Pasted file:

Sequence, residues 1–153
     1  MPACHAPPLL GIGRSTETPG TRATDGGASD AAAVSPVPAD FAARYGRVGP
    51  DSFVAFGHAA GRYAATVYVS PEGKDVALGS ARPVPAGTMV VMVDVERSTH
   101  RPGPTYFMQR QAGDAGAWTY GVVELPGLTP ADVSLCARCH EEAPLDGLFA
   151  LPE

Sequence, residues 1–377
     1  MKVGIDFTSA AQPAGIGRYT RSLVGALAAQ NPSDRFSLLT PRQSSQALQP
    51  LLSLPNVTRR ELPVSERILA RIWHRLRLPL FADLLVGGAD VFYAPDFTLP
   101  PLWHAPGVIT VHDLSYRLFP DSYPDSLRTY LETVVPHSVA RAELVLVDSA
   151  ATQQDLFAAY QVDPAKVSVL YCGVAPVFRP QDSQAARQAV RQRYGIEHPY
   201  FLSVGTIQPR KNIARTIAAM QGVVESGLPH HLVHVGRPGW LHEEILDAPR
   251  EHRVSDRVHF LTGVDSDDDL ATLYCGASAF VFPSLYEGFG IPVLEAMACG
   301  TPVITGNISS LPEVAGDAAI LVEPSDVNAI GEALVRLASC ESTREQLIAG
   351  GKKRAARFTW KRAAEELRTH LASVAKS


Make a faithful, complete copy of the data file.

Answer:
Sequence, residues 1–153
     1  MPACHAPPLL GIGRSTETPG TRATDGGASD AAAVSPVPAD FAARYGRVGP
    51  DSFVAFGHAA GRYAATVYVS PEGKDVALGS ARPVPAGTMV VMVDVERSTH
   101  RPGPTYFMQR QAGDAGAWTY GVVELPGLTP ADVSLCARCH EEAPLDGLFA
   151  LPE

Sequence, residues 1–377
     1  MKVGIDFTSA AQPAGIGRYT RSLVGALAAQ NPSDRFSLLT PRQSSQALQP
    51  LLSLPNVTRR ELPVSERILA RIWHRLRLPL FADLLVGGAD VFYAPDFTLP
   101  PLWHAPGVIT VHDLSYRLFP DSYPDSLRTY LETVVPHSVA RAELVLVDSA
   151  ATQQDLFAAY QVDPAKVSVL YCGVAPVFRP QDSQAARQAV RQRYGIEHPY
   201  FLSVGTIQPR KNIARTIAAM QGVVESGLPH HLVHVGRPGW LHEEILDAPR
   251  EHRVSDRVHF LTGVDSDDDL ATLYCGASAF VFPSLYEGFG IPVLEAMACG
   301  TPVITGNISS LPEVAGDAAI LVEPSDVNAI GEALVRLASC ESTREQLIAG
   351  GKKRAARFTW KRAAEELRTH LASVAKS